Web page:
Full of rich, unforgettable ethnographic stories, Guerrilla Marketing is a stunning and troubling analysis of the mediation of global conflict.

The resonance of Guerilla Marketing clearly transcends its subtitle, as this tantalising extract makes clear:

Total mobilization is no longer a matter of a fluid transition from peace to war, but a matter of the continual co-presence of the two in a hot peace in which everywhere is always a potential scene of violence.  As commentators frequently note, the Global War on Terror is unbounded in scope and duration, an unending concatenation of episodes that render the world a battlefield from Waziristan, which has borne the brunt of drone warfare, to suburban Watertown, Massachusetts, in the wake of the Boston Marathon bomb attacks of 2013. What connects sites as disparate as Waziristan and Watertown is not only the War on Terror but marketing as a system of global provisioning that is productive of affective attachments. I borrow the idea of affect as a form of infrastructure from anthropologist Joseph Masco, who deftly teases out continuities between the Cold War and the War on Terror. For Masco, this affective infrastructure is built by the national security state, expansive in the wake of the “ongoing injury” of the September 11 attacks.  “Affect,” Masco writes, “becomes a kind of infrastructure for the security state, creating the collective intensities of feeling necessary to produce individual commitments, remake ethical standards, and energize modes of personal, and collective, sacrifice.”

The layering of national security affect, primarily paranoia and fear, I argue, cannot be separated from the aspirational affect of consumer culture, for the two have coevolved. At the height of the Cold War, for instance, advertisements pitched “Luxury Fall- Out Shelters” to people who would prefer to wait out a nuclear apocalypse in comfort. Such advertisements normalized the very idea of nuclear warfare and the paranoia it generated. Similarly, George W. Bush’s call on Americans to go shopping one week after September 11, 2001, mobilized consumption as a means of coping with the Global War on Terror. I take as given the idea, demonstrated by historical accounts of the coevolution of marketing and warfare in the twentieth century, that marketization and militarization are deeply interpenetrated. I am fascinated by how their convergence shapes an affective mode of governance in the early twenty-first century, a moment when simmering fears of an everywhere war and the rising aspirations of the global middle classes expand in tandem. It is more than a little curious that in the 2000s, just as war diffused further into everyday life, everything—nations, militaries, cities, universities, individual selves— became brands.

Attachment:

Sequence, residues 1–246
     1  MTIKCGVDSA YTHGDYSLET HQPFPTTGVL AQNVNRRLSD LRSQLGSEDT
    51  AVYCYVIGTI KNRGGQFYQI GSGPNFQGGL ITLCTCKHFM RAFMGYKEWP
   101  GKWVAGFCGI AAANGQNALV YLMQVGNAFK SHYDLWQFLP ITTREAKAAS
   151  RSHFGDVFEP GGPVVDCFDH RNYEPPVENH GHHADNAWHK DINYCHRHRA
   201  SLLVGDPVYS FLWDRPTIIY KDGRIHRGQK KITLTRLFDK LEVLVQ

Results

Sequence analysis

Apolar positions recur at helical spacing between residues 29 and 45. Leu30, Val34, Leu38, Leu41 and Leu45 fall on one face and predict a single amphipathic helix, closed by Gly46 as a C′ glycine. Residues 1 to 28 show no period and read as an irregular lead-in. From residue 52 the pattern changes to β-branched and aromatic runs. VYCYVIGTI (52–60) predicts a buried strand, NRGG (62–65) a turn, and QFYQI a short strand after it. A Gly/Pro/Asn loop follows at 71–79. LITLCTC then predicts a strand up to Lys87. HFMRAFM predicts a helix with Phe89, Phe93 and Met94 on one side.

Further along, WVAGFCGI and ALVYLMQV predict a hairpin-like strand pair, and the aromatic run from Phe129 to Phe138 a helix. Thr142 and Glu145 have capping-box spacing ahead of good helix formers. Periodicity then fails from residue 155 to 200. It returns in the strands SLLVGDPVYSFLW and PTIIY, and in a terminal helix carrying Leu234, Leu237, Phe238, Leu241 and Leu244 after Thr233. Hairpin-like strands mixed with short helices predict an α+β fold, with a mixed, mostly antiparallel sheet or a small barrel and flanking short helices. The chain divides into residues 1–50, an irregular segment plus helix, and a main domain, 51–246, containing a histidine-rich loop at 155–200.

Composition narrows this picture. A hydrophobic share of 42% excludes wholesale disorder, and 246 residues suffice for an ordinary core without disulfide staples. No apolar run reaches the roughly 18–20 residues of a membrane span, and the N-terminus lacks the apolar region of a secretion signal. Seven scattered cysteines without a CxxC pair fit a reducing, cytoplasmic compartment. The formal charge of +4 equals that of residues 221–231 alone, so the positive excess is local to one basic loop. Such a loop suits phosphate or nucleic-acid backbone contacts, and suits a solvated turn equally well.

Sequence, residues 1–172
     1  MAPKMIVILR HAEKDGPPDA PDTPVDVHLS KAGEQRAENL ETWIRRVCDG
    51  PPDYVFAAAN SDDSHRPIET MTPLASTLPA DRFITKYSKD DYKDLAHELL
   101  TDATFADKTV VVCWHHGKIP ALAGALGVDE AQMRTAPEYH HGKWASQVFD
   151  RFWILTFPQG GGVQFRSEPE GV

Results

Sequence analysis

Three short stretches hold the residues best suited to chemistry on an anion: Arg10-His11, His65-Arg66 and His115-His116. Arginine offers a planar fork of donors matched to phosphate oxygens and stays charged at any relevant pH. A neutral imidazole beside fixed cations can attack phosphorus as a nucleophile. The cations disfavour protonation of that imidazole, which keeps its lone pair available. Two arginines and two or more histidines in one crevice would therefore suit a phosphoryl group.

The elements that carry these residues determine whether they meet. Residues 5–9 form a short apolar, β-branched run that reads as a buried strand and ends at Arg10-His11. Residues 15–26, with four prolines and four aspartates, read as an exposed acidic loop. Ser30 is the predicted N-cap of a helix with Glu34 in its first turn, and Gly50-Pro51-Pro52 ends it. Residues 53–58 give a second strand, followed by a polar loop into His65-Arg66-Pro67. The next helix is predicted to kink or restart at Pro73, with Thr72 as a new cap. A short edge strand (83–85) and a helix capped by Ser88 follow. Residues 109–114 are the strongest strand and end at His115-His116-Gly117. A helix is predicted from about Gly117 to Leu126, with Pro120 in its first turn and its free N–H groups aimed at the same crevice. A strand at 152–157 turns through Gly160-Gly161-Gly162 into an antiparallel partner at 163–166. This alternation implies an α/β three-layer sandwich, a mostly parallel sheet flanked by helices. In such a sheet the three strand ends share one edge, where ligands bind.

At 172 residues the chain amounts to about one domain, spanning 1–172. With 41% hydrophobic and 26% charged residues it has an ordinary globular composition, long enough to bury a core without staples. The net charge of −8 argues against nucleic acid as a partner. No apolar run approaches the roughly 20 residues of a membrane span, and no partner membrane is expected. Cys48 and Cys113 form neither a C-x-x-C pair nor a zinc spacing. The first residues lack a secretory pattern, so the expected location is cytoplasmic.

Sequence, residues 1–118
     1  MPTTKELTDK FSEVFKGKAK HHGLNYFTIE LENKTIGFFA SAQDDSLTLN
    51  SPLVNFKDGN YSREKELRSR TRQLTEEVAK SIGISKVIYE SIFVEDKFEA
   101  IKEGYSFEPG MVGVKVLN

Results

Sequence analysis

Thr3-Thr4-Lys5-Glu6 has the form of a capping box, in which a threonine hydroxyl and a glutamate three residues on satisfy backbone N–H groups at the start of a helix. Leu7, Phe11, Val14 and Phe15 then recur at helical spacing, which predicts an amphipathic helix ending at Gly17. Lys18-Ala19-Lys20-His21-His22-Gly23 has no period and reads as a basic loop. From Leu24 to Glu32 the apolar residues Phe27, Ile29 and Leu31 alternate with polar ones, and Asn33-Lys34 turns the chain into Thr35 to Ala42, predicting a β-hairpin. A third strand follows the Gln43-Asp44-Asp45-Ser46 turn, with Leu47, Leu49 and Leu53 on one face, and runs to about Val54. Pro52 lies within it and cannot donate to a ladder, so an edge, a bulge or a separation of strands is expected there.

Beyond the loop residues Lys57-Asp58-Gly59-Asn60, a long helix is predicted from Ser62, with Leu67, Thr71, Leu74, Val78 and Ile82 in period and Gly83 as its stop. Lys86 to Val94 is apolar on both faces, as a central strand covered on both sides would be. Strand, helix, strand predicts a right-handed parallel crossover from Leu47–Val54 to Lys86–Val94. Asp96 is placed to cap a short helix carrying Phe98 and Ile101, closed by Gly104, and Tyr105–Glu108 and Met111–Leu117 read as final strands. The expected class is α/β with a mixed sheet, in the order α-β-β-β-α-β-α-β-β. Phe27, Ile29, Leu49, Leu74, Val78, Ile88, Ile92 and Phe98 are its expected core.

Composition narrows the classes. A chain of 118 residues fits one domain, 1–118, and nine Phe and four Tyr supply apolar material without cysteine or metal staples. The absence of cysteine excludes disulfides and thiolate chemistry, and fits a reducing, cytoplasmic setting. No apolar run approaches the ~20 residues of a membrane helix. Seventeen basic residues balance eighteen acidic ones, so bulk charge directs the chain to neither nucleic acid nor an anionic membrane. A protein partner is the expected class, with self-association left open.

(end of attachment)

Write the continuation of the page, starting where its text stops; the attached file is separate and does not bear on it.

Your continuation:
The language of the convergence of marketing and militarism is revealing. Targeting, for example, serves as a switch that connects the marketing nation and the security state. As marketers study, segment, and create new publics to target, the military compiles lists of targets to monitor and, at the right moment, destroy. A drive toward ever- greater precision unites both practices of targeting. Each year marketers improve their ability to micro- target tightly defined demographic groups by tracking users across the internet with algorithmic intelligence.  Similarly the military, through the use of special forces and drone warfare, creates micro-kill zones. In the words of Grégoire Chamayou, a French theorist of drone warfare, “The zone of armed conflict, having been fragmented into miniaturizable kill boxes, tends ideally to be reduced to the single body of the enemy-prey”— modern warfare as hunting. Whether it’s data capitalism’s drive to psychologically profile individual consumers or the whack- a-mole logic of twenty-first-century counterinsurgency, this scaling down to the individual approaches a vanishing point: advertising as nonadvertising, war as nonwar. Neither negation is neutral, nor is their entanglement haphazard. To the contrary, I would like to suggest that in this double negation there lies a key to understanding the state of the relationship between war and capitalism in the early twenty- first century.

Enter the double meaning of this book’s title, guerrilla marketing, which in business parlance is code for a bundle of tactics, most of which seek to invisibilize the sales pitch. Tom Himpe, an advertising intellectual, describes this tendency as “advertising that blends in seamlessly with real entertainment, real events or real life to the extent that it is not possible to tell what is advertising and what is not.”  Drawing upon the legacy of guerrilla warfare as articulated by Che Guevara and Mao Zedong, guerrilla marketing draws its strength from camouflage. But marketing’s camouflage aspires not merely to blend into the background but to act upon it. Branding, I argue, operates as an activist form of camouflage that seeks to subtly transform the environment. As an instrument of total mobilization, brands have proved to be modular weapons of productive persuasion, from the black flag of ISIS and its calls to mobilize individuals alienated from the West to a real estate mogul’s use of brand strategies to bluster his way to the White House. As an emergent phenomenon of extraordinary political consequence, brand warfare is ripe for critical analysis.